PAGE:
Environmental DNA (eDNA) technology was used to confirm the presence of the monotremes after a member of the public reported seeing a platypus in the Albert River in 2017.
City Parks, Animals, Environment and Waste Chairperson Councillor Jennie Breene said Logan City Council had collaborated with the Wildlife Preservation Society of Queensland to conduct platypus research in the Albert River and its tributaries, with a particular focus on the Cedar Creek, Wolffdene and Bannockburn reaches.
“DNA sampling was taken at 14 different sites during last year’s breeding season and seven of those sites returned data that confirms the presence of platypus,” Cr Breene said.
“This is wonderful news for the future of the river’s platypus population and a great indicator of the improving health of our environment.”
Cr Breene said researchers collected data that scientifically confirmed that platypus are living in three stretches of the river – two sites at Wolffdene and another at Cedar Creek.
Samples at four other sites – two at Wolffdene, one at Cedar Creek and another at Tamborine – contained small amounts of platypus DNA.
“The exact sites will not be made public to help protect these platypus populations,” Cr Breene said.
“But knowing that platypus are there is great news for our local community and I urge everyone to keep working hard to keep our waterways clean and minimise any negative impacts on our environment.”
Councillor Laurie Koranski, whose Division 4 takes in the upper reaches of the Albert River, said confirmation of platypus in the river was exciting news for the local community,” Cr Koranski said.
“I urge everyone to keep working hard to keep our waterways clean and minimise any negative impacts on our amazing environment,” she said.
Platypus are listed as ‘near threatened’ on the International Union for Conservation of Nature Red List.
The species is found in freshwater habitats of varying quality. However, they require deep permanent pools, high consolidated sloping banks and cobbled stony substrates for a sustainable existence.
Logan City Council has a number of projects underway through its Logan and Albert River Vision program and Waterways Recovery Plan that aim to rehabilitate the two waterways and their tributaries.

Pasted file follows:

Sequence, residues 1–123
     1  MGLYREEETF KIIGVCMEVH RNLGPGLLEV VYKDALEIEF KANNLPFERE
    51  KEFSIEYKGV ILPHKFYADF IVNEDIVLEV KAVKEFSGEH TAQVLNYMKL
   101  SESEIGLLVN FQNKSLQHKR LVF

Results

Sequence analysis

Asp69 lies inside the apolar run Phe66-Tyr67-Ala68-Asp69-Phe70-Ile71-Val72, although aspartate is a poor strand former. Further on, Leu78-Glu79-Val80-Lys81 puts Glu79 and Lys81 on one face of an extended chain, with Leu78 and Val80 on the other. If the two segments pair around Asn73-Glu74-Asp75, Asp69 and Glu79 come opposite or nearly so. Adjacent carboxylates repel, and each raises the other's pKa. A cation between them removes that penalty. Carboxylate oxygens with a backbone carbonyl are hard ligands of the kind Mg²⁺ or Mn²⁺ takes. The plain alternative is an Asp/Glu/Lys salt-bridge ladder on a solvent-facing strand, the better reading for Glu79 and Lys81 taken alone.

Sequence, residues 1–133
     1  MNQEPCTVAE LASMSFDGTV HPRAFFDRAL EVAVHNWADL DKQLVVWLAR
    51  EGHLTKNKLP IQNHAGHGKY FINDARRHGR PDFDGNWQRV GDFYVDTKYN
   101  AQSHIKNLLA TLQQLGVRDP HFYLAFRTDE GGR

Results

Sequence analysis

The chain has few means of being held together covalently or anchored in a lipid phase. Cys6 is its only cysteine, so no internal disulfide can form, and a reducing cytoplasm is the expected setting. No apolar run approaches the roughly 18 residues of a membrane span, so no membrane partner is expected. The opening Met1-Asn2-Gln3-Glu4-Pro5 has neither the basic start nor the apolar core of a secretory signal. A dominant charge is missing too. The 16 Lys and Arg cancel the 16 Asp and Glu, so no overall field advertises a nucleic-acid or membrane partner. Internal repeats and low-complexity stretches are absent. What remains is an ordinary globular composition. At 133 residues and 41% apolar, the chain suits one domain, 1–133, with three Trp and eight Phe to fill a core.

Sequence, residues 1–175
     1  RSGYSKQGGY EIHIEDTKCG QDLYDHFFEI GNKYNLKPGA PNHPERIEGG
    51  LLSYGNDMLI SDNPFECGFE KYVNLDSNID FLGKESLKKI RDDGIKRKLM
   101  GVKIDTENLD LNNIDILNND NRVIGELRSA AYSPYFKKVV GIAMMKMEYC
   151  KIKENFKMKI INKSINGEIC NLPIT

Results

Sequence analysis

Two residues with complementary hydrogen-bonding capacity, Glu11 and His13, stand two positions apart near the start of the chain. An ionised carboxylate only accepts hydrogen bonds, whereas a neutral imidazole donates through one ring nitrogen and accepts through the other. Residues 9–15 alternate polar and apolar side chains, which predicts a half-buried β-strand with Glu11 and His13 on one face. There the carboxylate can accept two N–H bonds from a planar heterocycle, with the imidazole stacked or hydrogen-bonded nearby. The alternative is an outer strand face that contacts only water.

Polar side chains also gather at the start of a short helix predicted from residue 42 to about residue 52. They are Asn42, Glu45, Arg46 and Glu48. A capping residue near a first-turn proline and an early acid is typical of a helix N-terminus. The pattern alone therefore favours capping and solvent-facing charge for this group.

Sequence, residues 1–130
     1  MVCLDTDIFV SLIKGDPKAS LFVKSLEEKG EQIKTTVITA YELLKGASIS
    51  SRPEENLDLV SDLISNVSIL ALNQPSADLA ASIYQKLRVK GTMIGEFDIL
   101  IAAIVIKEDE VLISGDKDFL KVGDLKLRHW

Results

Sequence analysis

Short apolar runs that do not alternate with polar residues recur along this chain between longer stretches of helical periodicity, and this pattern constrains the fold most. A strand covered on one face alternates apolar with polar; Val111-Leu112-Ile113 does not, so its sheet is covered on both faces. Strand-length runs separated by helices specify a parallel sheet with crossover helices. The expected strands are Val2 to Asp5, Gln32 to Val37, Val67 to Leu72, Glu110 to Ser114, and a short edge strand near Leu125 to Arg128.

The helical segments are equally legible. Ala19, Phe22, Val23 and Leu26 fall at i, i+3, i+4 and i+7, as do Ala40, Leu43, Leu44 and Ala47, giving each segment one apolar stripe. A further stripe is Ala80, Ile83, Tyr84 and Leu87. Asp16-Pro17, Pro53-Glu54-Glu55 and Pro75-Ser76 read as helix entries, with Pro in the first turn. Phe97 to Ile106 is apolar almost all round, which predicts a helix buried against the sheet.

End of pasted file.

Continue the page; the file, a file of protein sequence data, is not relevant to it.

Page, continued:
In November last year, the Albert River was given a C while Logan River was rated C- in the Healthy Land and Water annual report card.
Those ratings compared favourably, and in some cases were better, than the ratings given to a number of other major South-East Queensland waterways.
- Planting of 10,804 native plants along the riverbank of three riverside parks.
- Riparian rehabilitation at a further four parks.
- Under the River Trees Program, Council has provided bulk quantities of trees to rural landholders along the city’s rivers to help stabilise banks and improve water quality.
- Council is actively working with landholders to improve land management practices, rehabilitate riparian vegetation and improve weed control under its Health Land Healthy River, Land for Wildlife and Enviro Grants programs.
Council is also working closely with neighbouring councils and water managers, Seqwater and Healthy Land and Water to focus on the mid and upper catchments of the city’s rivers which are the major sources of sediment in the lower reaches.
“It is important we continue with our whole-of-catchment approach underpinned by strong community partnerships and we are doing that,” Cr Breene said.
“Our goal is to have Logan and Albert river corridors that are healthy, accessible, connected and celebrated as iconic city assets.”
Council is continuing to work with Wildlife Queensland to further monitor platypus occurrence within the city’s river systems.
Next month, Council will host a planting event to continue the rehabilitation of riverside vegetation.
On Saturday, May 11, a free Planting Homes for Butterflies event will be staged at Mount Warren Park from 9am to 1pm. To register go to butterflyplantingday.eventbrite.com.au